We asked two classes, Grades 8 and 5, to fill short surveys. In addition students wrote comments in a special comment book. Together this feedback on the exhibit experience, by far very positive, and our impressions in monitoring the activities, will help to develop better exhibits in the future.
In addition to the students and the science teachers, a delegation from the National Science Foundation and the National Science and Technology Commission (led by Dr. Sachie Panawala) came to see the science show. The NSF is our partner in this project so it was good to have them with us. Also in attendance was
Mr. Douglas Ranasinghe, Director of Science Education at the
The next stop of the exhibits was in the South-East of the island at the Shatraloka School in Karuwalabadda. This is a rural school with few resources where many children come from families displaced by the tsunami. We were welcomed by Mr. Saman Chandana, the Principal, who has been at the school for three years. This is in fact his old school which he attended as a boy. He said that when he took over as principal there were only 6 students in the first grade and he has been working on increasing school attendance so that now there are 20 students in Grade 1. School attendance and effort on school work are major issues at the school as children are needed to help adults with work (many cultivate cinnamon). The other major issues are basic infrastructure at the school (no water in the laboratory, no playground) and science equipment.
At the Shatraloka School we tried a different approach to monitoring student activies. The first group to look at the exhibits were the oldest studetns from Grades 10 and 11. With the help of the science teacher, Mrs. Ramya Silva, students were encouraged to ask questions and explore. These older students were next asked to help with the exhibit activities for the younger students. We were pleased to see this peer-mentoring approach work quite well, and this may be a useful model to follow in the future. Students also filled a short survey which will be used to improve future exhibits. Another benefit of the science exhibits is exposing younger students to university students, who provide a positive role model for the benefits of education. Anjani received close to 20 requests for pen-pals from the students at the school!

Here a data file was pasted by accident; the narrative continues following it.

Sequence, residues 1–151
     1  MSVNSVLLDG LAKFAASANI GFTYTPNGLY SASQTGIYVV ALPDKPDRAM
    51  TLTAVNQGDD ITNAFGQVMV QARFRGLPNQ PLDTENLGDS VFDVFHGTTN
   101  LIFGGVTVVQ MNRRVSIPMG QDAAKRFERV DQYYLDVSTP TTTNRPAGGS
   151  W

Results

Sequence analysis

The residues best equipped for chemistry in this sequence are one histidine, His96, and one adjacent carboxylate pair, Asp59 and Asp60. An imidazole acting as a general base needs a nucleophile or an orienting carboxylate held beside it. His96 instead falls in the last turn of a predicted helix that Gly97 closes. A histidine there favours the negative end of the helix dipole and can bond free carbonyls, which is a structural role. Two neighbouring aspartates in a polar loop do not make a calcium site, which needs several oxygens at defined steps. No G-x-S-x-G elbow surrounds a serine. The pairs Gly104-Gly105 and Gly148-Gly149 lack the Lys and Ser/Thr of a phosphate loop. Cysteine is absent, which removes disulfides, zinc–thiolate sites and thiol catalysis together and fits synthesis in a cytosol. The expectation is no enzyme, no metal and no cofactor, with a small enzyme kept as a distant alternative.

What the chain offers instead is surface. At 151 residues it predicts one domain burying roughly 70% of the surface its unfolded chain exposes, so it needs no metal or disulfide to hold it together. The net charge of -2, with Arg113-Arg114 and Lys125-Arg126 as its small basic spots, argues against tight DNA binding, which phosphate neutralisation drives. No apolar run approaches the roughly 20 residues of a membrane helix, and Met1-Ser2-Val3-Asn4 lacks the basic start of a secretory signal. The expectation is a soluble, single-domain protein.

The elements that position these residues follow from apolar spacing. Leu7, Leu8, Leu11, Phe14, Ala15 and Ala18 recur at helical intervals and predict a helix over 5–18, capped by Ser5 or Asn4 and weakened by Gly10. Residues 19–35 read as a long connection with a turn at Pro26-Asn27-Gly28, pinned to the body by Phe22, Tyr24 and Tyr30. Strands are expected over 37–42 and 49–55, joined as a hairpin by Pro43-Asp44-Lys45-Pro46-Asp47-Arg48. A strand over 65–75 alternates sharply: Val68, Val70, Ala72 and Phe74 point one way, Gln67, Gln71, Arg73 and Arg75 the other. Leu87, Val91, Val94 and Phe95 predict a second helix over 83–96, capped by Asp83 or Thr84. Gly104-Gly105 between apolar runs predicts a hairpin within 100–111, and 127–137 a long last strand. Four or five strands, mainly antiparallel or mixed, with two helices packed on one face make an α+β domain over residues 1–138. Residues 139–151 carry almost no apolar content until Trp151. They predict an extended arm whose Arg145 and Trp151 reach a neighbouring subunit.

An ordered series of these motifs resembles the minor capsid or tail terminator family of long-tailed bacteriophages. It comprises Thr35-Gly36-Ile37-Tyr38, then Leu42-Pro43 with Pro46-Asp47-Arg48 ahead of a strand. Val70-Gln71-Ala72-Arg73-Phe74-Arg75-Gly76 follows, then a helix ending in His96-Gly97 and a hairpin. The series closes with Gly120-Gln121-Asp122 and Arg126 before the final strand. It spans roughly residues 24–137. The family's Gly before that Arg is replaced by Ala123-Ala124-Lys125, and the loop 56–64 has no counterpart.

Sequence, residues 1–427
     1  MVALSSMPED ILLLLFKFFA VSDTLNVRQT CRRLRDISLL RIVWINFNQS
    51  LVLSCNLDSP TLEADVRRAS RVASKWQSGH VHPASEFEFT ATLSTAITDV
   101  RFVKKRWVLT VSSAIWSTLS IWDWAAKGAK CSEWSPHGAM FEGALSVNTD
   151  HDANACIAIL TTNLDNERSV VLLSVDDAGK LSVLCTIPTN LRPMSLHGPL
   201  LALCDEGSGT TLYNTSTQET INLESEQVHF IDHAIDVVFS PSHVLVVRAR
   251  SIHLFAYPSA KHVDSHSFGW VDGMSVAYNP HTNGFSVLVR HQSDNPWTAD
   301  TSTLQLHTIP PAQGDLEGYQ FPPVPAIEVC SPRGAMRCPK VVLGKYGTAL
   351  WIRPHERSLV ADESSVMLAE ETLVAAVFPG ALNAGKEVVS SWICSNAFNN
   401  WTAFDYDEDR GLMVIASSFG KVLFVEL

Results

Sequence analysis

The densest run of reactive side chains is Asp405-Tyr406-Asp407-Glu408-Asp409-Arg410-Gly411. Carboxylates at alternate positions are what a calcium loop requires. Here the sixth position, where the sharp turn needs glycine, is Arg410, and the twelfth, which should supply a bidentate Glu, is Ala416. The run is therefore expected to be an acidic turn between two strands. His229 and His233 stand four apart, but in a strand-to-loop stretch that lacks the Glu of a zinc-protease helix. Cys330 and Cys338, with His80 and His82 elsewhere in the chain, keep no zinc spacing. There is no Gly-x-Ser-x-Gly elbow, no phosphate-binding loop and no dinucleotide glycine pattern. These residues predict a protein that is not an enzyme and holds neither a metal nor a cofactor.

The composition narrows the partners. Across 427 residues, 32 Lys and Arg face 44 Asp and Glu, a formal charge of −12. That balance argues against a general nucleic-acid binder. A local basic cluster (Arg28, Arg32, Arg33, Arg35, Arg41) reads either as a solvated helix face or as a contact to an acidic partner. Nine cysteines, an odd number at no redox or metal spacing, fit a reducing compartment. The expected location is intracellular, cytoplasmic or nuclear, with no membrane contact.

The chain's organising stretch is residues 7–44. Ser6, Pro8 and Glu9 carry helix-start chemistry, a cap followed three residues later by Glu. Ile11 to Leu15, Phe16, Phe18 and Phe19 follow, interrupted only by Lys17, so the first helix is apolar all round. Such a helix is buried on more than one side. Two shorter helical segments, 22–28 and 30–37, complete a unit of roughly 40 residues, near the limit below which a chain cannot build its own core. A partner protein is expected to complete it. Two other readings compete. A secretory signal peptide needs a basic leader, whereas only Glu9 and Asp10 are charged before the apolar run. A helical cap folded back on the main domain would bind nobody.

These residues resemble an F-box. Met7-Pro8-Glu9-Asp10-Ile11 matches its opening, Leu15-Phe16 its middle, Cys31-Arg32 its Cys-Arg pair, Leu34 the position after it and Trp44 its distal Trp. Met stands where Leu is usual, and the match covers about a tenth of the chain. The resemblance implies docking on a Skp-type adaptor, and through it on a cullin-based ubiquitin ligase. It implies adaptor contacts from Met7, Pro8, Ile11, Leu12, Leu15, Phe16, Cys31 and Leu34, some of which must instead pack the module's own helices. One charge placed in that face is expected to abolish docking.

Overall the pilot project received extremely positive feedback from the students, science teachers, and administrators of the three institutions. The experience of showing the exhibits in three very different settings will help guide the subsequent efforts in the project.
Drs. Arangala and Kamela have also met with science professors at the University of Colombo. Dr. Sarath Kotagama, Professor of Zoology, and Dr. S.R.D. Rosa, Professor of Physics, have both encouraged our project and have expressed a willingness to explore collaborations in the future.
So what is next? The project develops on several fronts. Planning is underway for the Winter Term study abroad class for Elon students, tentatively scheduled for January 2008. As part of this proposed Winter Term class Elon students and Sri Lankan university students will hold a joint workshop on approaches to science education, work on translating and finishing the exhibits, and go to local school with the traveling science center to monitor exhibit activities for school age children.
Elon students can also be involved in the project on campus by building the exhibits, through either a GST course offered each semester or through a volunteer opportunity.
Elon University and the National Science Foundation of Sri Lanka will continue to collaborate on establishing the traveling science center and bringing a larger variety of mathematics and science exhibits to Sri Lanka in the near future. The five exhibits brought to Sri Lanka this summer will soon be housed in a renovated room at the National Museum in Colombo, which welcomes more than 200 children daily on school field trips. Drs. Arangala and Kamela will seek funding for the production of further exhibits and perhaps a "Science Bus", which would serve as the mobile base for the traveling science center.